Recipe: Traditional Hummus

Hummus is an incredibly versatile dish that can be used as a spread on crackers, in a wrap, on a sandwich, or as a dip for veggies and pretzels. I am so thankful that both of my girls like it because it is the perfect way for me to ensure they’re getting protein at lunchtime. They especially like when I put hummus and cheese on a whole-wheat tortilla and wrap it up (we call it a roll-up). I also sometimes add extras like carrots (for my 5-year-old), pieces of leftover bacon (for my 3-year-old), and chopped homegrown tomatoes or cucumbers (for me).

You can buy hummus (that will surely have preservatives in it) at the store or you can try this homemade version, which is very fresh tasting and has ingredients that you can adjust depending on your preferences. You can store it in the fridge for about a week or make a big batch and freeze some for another day!

4.8 from 6 reviews
Traditional Hummus
  • ¾ cup dried chickpeas or 2 cups canned (rinsed)
  • water
  • ⅓ cup cooking liquid (that is left after boiling dried chickpeas)
  • 3 or 4 tablespoons of lemon juice, to taste
  • 3 tablespoons tahini (ground sesame seeds – usually found near the peanut butter in the grocery store)
  • 1 clove of garlic
  • 1 tablespoon olive oil
  • ⅛ teaspoon of salt (or more if preferred)
  1. If using dried chickpeas pick over and rinse them. Put them in a Tupperware container or bowl with water to cover by 2 inches. Soak them in the fridge overnight. The following day rinse them again and then put them in a small pot with fresh water to cover by 2 inches. Bring to a boil and then simmer for 90 minutes. Reserve the cooking liquid.
  2. If using canned chickpeas rinse them with water.
  3. In a food processor combine the soft chickpeas, ⅓ cup cooking liquid (or fresh water if using canned chickpeas), lemon juice, tahini, garlic, olive oil, and salt. Blend until smooth and add more liquid if a thinner sauce is preferred.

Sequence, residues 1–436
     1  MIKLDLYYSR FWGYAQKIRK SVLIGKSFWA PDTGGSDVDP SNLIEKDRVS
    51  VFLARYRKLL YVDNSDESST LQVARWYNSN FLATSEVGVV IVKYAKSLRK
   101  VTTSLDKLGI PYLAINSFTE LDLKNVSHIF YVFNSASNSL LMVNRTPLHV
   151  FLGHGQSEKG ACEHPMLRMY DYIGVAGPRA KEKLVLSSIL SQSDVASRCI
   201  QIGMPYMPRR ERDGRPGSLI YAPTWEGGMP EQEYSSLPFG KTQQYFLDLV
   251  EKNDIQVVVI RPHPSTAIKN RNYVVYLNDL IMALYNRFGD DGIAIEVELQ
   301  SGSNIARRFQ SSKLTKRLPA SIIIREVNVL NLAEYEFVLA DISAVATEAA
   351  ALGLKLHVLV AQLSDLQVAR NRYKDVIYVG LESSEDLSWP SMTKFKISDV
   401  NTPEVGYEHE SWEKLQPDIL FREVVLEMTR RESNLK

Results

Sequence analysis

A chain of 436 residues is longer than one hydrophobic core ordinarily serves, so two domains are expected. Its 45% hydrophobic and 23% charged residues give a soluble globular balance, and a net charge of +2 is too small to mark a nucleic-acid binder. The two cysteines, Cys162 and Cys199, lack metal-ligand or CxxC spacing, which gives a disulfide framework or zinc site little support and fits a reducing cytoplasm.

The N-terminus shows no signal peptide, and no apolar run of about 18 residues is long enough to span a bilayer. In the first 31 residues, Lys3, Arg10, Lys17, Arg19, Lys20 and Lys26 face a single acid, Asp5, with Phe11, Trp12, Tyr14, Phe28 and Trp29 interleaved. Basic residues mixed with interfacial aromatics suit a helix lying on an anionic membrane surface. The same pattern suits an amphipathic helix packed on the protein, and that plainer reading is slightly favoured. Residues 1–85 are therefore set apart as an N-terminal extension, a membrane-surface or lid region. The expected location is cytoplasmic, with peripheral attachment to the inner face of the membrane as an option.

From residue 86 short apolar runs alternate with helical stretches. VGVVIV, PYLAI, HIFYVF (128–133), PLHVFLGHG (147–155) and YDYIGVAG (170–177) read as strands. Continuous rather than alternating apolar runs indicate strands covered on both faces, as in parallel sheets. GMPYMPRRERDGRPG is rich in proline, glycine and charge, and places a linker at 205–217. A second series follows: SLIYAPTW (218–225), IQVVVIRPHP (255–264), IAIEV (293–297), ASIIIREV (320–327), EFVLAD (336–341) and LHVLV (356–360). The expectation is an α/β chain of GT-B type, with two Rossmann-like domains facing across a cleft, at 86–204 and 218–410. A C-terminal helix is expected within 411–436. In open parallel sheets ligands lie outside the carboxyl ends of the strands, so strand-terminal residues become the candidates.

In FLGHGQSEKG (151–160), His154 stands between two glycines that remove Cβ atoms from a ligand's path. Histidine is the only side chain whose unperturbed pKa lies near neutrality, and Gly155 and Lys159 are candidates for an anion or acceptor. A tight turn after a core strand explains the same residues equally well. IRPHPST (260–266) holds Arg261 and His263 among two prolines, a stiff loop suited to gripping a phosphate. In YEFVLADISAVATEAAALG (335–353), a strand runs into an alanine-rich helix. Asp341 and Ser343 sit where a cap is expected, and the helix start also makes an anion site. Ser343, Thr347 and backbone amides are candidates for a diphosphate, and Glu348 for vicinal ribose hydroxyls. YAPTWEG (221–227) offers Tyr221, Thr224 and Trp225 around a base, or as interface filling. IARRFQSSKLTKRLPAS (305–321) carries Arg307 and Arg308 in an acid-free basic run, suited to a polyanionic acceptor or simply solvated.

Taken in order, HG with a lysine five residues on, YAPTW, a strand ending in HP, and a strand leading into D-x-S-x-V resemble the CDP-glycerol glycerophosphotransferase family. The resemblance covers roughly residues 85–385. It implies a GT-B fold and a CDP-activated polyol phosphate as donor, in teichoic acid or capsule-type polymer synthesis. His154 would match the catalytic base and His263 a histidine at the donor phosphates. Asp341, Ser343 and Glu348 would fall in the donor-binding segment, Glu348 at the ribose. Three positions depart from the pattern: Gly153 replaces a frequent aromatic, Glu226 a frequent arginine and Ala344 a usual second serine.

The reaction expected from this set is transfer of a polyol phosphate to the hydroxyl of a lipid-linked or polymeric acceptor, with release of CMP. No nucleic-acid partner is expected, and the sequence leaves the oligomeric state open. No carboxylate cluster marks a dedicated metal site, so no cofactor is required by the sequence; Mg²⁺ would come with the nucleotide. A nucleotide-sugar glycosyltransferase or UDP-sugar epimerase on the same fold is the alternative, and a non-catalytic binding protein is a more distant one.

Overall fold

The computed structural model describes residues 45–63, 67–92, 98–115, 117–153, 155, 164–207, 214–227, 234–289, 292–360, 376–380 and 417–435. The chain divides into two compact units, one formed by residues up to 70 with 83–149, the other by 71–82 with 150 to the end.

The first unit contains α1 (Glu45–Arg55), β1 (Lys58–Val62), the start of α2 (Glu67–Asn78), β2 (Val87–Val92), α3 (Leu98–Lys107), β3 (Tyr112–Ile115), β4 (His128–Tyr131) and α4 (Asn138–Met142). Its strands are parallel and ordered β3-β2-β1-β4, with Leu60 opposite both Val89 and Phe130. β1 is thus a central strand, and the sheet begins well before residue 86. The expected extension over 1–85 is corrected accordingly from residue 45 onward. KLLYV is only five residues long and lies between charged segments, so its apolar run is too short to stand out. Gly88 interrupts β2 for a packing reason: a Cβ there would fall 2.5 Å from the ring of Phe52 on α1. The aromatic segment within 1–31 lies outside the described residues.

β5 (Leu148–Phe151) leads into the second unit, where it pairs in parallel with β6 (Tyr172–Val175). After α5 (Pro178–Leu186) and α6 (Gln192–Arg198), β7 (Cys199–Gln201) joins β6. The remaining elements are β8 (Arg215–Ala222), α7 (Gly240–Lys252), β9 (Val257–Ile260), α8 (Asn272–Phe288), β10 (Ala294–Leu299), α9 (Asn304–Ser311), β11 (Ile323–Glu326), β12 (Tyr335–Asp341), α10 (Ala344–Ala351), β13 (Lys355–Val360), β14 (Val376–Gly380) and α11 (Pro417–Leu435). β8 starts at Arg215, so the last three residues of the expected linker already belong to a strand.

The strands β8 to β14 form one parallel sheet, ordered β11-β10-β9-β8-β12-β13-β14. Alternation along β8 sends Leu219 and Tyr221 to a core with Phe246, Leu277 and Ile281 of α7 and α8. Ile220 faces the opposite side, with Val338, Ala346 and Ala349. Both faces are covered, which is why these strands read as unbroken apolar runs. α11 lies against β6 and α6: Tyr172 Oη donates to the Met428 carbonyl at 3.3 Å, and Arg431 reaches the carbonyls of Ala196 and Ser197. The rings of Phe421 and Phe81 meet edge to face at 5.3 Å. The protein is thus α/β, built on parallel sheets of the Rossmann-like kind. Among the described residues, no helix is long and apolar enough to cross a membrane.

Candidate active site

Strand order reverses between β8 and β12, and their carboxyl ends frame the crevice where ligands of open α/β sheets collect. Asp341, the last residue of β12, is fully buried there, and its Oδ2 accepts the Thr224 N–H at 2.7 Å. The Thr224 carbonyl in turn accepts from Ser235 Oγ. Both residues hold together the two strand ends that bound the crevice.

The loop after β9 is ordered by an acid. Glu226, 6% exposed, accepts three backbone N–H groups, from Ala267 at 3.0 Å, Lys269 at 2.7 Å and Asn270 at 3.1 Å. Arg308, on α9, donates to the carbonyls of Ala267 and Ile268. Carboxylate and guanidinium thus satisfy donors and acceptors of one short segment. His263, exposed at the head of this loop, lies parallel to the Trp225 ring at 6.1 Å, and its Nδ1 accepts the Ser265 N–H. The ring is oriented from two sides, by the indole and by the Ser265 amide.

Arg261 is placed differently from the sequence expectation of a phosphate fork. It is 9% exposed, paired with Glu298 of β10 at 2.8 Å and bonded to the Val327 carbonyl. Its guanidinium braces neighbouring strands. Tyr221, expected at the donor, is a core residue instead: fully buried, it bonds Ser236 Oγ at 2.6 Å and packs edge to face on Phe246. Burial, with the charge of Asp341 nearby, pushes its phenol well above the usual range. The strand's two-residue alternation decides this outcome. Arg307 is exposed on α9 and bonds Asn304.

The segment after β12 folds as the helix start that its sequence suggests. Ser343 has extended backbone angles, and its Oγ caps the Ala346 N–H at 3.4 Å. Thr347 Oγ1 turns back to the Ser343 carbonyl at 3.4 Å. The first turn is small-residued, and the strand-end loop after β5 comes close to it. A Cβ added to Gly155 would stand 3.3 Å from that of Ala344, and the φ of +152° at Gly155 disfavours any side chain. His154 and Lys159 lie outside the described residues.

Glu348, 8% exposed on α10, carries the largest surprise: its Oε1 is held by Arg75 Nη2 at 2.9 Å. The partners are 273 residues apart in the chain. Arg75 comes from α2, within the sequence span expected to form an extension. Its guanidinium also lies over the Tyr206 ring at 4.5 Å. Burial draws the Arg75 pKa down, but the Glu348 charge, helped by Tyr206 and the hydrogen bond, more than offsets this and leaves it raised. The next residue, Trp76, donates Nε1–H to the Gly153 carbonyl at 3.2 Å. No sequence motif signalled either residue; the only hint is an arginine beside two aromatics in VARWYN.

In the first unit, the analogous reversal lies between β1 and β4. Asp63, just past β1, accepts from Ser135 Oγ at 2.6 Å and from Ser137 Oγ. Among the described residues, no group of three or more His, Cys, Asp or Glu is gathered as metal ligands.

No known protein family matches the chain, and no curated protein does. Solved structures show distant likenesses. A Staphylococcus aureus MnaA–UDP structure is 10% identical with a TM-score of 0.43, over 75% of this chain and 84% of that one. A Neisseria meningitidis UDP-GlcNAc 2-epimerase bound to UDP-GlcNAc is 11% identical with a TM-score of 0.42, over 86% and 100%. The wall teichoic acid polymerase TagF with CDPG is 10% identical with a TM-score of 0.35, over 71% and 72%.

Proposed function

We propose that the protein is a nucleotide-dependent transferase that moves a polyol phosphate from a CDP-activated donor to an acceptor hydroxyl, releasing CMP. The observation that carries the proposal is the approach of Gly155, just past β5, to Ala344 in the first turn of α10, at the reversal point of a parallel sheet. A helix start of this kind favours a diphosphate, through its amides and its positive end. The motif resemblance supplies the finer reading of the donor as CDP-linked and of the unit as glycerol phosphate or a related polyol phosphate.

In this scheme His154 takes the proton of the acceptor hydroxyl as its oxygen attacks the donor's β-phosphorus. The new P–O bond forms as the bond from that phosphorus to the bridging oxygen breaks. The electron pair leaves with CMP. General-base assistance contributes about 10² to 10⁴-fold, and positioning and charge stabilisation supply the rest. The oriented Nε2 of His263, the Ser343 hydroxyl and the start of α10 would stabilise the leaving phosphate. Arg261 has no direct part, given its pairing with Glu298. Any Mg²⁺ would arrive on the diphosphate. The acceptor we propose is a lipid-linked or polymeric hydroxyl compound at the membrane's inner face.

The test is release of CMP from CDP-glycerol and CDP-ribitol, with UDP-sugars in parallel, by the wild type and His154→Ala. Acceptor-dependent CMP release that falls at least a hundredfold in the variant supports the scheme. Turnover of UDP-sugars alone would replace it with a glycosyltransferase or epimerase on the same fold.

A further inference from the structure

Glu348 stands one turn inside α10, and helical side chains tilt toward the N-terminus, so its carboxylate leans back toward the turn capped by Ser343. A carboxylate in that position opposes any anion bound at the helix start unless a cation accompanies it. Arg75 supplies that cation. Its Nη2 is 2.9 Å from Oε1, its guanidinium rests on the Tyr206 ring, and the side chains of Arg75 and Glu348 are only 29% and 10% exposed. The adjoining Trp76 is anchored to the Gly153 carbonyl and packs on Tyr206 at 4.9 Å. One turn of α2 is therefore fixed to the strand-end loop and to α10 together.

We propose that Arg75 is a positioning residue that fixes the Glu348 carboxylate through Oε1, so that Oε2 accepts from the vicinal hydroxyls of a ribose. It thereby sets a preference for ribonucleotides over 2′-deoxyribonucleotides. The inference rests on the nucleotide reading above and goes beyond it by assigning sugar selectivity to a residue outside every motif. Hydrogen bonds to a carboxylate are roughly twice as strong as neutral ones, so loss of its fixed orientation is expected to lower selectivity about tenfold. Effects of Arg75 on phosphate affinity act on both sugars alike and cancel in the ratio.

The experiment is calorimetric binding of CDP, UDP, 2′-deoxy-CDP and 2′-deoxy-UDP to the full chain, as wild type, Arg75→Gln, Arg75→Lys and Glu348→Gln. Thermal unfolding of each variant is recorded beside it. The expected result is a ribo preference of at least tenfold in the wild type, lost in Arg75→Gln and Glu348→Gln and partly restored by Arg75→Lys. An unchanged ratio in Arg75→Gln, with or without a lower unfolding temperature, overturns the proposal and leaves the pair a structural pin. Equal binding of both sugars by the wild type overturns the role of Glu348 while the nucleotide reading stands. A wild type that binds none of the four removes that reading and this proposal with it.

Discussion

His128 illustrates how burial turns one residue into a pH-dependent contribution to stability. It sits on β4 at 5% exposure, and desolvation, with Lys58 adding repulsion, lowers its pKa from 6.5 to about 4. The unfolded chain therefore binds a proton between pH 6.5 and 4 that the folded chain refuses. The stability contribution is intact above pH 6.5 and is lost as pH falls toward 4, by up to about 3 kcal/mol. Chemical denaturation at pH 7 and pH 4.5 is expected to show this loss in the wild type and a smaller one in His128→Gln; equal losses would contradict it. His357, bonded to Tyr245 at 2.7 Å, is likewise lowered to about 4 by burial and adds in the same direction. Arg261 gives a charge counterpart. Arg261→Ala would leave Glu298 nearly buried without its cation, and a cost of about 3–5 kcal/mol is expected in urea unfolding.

4. Garnish with paprika if serving as a dip.
We recommend organic ingredients when feasible.

Posts may contain affiliate links. If you purchase a product through an affiliate link, your cost will be the same but 100 Days of Real Food will automatically receive a small commission. Your support is greatly appreciated and helps us spread our message!
  • Comments

    1. Jess |

      I was just wondering if you have tried to make extra and freeze the rest. Do you think it would thaw well? Thanks!

      • Assistant to 100 Days (Amy) |

        Hi Jess. I freeze hummus and other bean spreads often. It works well. ~Amy

    2. Elizabeth |

      How long will this keep in the fridge?

      • Assistant to 100 Days (Amy) |

        Hi there. I think a week is about right. Mine never lasts beyond a couple days simply because it gets eaten. :)

    3. Holly Morphy |

      Anyone know if you can make hummus without the tahini? Husband has a severe allergy to sesame.

      • Julie Champagne |

        You can try to replace it with almond butter. Personally, I put a litte more oil and no tahini. I put fresh herb or/and more garlic to give more flavor.

        • Jackie |

          Which fresh herb do you use?

    4. Cassie |

      How long will the tahini keep? I can only find it in a large can.

      • Amy Taylor (comment moderator) |

        Hi Cassie. I’ve kept it for months in the fridge. Be sure you mix it well after opening each time to combine the oil and solids. You may have to let it sit at room temp for a while in order to do this. ~Amy

    5. Jennifer |

      This is excellent – so, so yummy! What a wonderful addition to our weekly veggie tray. My large family & I thank you very much!

    1 3 4 5

    Leave a Reply

    Your email address will not be published. Required fields are marked *

    Rate this recipe (optional):